By Daniel Hunter
With hundreds of new generic top-level domains (gTLD) arriving on the internet — like .shop, .bank and .london — research has revealed that 87% of consumers do not feel very comfortable visiting them.
The New Internet Study by global information assurance firm NCC Group questioned 10,000 consumers across the US and UK regarding their attitudes to these new gTLDs.
With more domains going live, 40% of web users also reported feeling less secure online since their introduction. Data from NCC Group’s Domain Abuse Monitoring service backs up this consumer concern, with 50 of the new gTLDs being used to launch phishing emails in the last ten months alone.
Rob Cotton, CEO at NCC Group, said: “The internet is undergoing the biggest change in its history, causing uncertainty for consumers. We’ve also shown that the new domains are already being used for nefarious purposes, with users expressing security concerns too.
“Currently there is a lack of awareness of this change in the business community. This is an issue that affects a number of different departments, from marketing and IT all the way up to the board — but most firms are oblivious.
“Businesses cannot afford to do nothing here. The new gTLDs offer a wealth of possibilities for cyber criminals to attack an organisation’s online presence. Brand reputation, customer trust and ultimately revenue are all at risk.
“Companies are at a crossroads. A defensive strategy of buying up brand related domains might have been a simple task when there was only 22 gTLDs, but is it feasible when there are over a thousand? Purchasing your own brand gTLD would allow you to carve out your own space on the Internet, but would you have the back-end systems to support it and the initial capital to invest?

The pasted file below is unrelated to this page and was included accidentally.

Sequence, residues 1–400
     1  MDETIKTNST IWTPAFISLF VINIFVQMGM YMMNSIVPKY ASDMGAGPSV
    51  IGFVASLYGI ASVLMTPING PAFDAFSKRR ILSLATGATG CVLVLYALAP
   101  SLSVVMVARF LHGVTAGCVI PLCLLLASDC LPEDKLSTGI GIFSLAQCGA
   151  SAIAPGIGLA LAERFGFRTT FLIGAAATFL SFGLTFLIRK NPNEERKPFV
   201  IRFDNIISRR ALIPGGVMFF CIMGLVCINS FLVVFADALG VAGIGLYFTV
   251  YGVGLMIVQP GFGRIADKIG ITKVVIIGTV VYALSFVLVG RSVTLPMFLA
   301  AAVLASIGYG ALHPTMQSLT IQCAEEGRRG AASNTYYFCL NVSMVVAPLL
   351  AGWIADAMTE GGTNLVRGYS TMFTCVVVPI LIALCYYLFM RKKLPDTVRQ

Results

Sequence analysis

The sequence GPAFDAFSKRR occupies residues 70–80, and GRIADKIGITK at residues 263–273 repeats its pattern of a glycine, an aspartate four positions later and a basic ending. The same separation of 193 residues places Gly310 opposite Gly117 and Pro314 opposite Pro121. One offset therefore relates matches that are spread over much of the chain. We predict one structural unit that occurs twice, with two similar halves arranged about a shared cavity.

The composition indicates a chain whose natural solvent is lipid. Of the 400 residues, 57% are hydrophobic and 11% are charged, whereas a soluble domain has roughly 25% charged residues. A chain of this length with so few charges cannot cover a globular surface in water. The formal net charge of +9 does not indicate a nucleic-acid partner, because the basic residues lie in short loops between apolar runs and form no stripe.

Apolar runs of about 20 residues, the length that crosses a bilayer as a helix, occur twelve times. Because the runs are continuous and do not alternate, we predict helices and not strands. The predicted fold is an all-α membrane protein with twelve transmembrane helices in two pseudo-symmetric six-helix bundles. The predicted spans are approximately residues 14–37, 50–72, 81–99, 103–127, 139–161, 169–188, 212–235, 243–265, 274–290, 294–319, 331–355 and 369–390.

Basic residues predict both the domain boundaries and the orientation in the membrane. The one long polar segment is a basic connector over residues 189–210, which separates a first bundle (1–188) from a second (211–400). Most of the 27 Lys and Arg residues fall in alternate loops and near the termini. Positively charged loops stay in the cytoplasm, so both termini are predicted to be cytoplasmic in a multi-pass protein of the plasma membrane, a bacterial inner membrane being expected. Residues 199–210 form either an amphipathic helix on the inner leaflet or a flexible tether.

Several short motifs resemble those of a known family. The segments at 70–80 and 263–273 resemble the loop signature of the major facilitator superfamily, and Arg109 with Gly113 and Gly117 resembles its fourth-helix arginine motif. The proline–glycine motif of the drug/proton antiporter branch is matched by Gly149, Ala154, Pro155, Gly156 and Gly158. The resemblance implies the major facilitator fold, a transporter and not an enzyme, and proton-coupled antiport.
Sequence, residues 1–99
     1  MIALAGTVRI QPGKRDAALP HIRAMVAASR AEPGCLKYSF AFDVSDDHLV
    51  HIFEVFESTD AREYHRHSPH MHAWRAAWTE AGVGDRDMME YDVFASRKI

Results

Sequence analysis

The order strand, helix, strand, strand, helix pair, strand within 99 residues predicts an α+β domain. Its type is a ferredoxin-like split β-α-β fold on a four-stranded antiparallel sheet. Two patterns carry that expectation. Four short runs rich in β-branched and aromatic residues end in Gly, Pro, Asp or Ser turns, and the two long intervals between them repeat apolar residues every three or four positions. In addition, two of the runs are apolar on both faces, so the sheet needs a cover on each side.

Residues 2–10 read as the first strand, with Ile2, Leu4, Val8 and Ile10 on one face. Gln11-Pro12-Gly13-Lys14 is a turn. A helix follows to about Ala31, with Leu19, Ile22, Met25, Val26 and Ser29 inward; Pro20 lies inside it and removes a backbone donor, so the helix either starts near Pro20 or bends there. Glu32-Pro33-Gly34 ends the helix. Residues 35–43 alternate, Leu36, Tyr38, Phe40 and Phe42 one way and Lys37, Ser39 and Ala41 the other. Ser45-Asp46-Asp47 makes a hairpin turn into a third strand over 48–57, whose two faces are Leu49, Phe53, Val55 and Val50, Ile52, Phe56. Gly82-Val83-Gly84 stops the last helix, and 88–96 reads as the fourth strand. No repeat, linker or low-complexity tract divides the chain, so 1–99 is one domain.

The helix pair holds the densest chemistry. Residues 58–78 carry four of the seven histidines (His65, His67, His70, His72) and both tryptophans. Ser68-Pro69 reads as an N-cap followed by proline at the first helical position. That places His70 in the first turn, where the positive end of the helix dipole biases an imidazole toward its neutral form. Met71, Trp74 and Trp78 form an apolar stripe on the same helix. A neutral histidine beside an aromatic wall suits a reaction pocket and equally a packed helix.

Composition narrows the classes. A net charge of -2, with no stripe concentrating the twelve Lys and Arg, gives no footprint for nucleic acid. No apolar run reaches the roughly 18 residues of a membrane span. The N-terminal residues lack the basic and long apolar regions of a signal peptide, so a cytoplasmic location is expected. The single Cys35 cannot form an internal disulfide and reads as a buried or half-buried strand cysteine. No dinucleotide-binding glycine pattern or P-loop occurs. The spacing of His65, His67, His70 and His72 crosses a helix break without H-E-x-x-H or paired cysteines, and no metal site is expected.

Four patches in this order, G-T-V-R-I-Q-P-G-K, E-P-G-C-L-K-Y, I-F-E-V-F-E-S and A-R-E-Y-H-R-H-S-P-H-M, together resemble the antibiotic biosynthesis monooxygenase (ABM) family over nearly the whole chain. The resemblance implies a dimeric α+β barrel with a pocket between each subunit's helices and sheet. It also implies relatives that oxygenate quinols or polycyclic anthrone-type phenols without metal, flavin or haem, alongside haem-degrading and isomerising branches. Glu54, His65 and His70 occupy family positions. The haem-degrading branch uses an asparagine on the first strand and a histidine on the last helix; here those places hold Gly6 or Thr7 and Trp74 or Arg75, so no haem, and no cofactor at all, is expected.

“Organisations need to make a decision and quickly. Doing nothing is not a solution.”
Other findings include:
· 45% of those we surveyed said they would feel safer on sites with new gTLDs if companies were clear about the steps being taken to protect users’ personal information
· UK respondents are more comfortable visiting sites with new domains than their US counterparts (UK: 14% US: 12%)
· US consumers are more likely to feel less secure as a result of the changes to gTLDs than their UK peers (UK: 39% US: 46%)
· Baby boomers (those born in 1964 or earlier) are less at ease with the ‘new Internet’ than Generation Xers (those born between 1965 and 1979) and Millennials (those born between 1980 and 1996).